Ukiyo Zoshi (stories of the floating world) (浮世草子)
Ukiyo Zoshi is one of the major literary forms in the early Kinsei Bungaku (Japanese Edo period literature). Ukiyo-bon (Ukiyo Zoshi).
A series of works starting with "Koshoku ichidai otoko" (Life of an amorous man, published in 1682) by Saikaku IHARA are called Ukiyo Zoshi today, as works which made a clear departure from then existing Kana Zoshi (stories written in kana), which were then called "Kusa Zoshi" (illustrated story books), the distinction between "Kana Zoshi" and "Ukiyo Zoshi" was not made until later. During the Genroku era, it became popular around Osaka and many works were written on wide variety of common people's lives (Ukiyo means not only world in general but matters of love and sensuality). Books published by the Hachimonjiya (a bookstore) in Kyoto were called "Hachimonjiya-bon," and were published from the Genroku era to the Meiwa era in the mid-18th century.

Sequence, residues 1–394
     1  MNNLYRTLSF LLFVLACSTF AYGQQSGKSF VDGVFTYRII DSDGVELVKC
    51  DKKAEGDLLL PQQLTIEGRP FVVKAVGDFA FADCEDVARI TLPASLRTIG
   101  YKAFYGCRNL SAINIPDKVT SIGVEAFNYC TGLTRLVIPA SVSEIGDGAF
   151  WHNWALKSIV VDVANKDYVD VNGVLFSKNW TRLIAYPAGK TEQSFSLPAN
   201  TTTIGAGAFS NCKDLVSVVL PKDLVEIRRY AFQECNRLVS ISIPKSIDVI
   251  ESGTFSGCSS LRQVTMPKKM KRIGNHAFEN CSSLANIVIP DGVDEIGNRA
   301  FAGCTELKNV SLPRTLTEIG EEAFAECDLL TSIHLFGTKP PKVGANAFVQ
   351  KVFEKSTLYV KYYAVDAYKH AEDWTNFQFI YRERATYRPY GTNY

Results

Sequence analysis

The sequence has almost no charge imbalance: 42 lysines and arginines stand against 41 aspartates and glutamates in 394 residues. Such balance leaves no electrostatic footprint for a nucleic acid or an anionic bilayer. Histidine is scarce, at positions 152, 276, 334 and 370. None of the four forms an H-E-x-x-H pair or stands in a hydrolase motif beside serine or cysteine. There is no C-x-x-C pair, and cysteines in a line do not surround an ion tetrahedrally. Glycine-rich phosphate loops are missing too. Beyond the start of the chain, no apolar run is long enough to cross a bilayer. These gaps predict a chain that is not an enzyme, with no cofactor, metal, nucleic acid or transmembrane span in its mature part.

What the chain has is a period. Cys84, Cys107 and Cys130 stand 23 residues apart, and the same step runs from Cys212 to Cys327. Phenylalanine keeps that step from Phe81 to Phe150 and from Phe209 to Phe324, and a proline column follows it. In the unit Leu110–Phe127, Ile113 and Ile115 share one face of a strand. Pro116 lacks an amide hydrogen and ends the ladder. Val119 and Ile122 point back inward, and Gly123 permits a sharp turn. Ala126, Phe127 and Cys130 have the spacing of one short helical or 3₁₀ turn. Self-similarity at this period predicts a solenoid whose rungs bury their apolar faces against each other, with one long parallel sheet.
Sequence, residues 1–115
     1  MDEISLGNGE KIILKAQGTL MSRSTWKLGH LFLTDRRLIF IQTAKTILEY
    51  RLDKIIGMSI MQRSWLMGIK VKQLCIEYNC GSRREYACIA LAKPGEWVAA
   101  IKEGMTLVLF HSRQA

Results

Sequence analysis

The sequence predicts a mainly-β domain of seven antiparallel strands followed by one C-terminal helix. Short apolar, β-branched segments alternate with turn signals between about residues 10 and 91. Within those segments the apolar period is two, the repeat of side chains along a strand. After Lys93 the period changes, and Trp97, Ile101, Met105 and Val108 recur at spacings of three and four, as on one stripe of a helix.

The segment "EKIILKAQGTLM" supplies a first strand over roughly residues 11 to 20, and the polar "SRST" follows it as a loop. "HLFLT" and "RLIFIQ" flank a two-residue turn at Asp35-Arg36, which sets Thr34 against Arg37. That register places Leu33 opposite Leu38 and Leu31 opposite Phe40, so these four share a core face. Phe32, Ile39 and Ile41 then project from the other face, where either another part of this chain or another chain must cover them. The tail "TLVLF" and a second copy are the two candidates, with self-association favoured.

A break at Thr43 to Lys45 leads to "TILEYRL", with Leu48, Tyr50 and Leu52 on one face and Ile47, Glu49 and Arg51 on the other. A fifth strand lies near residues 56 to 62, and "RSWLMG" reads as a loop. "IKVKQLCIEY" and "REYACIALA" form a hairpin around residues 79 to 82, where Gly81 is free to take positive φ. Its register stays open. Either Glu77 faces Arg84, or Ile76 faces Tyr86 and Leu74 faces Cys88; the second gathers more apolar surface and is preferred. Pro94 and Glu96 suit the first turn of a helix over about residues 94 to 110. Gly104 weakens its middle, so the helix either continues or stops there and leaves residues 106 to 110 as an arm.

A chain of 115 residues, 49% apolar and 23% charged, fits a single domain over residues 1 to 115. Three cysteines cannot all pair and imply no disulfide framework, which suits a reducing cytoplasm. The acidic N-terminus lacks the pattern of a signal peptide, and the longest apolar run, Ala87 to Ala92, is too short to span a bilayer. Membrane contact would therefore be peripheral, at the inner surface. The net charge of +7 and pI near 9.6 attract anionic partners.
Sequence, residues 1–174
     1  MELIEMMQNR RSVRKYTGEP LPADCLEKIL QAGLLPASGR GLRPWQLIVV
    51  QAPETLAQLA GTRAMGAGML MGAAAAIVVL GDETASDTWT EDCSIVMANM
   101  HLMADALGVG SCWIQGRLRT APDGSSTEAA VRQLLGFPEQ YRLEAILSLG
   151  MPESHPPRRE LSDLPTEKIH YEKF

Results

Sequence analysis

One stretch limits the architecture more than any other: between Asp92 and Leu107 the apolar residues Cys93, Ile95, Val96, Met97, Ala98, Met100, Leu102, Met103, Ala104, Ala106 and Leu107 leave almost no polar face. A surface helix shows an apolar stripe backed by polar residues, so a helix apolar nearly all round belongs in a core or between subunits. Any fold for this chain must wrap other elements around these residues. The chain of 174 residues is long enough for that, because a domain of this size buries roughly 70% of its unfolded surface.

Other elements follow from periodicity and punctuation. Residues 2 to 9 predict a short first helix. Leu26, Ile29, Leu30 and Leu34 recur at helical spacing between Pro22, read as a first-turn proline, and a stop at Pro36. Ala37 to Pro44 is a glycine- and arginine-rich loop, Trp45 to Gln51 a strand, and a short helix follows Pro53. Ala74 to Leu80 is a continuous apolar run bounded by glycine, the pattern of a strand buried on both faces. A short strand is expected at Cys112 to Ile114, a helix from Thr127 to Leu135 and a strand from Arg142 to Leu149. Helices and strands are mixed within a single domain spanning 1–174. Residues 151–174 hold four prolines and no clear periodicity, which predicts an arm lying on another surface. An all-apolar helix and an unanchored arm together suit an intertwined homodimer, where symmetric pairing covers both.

The works of Saikaku, who is considered the founder, are the most famous and, excepting some works such as "Seken musuko katagi" (Characters of worldly young men), and "Seken musume yoshi" (Looks of worldly young women) by Kiseki EJIMA, there were few famous works published after that.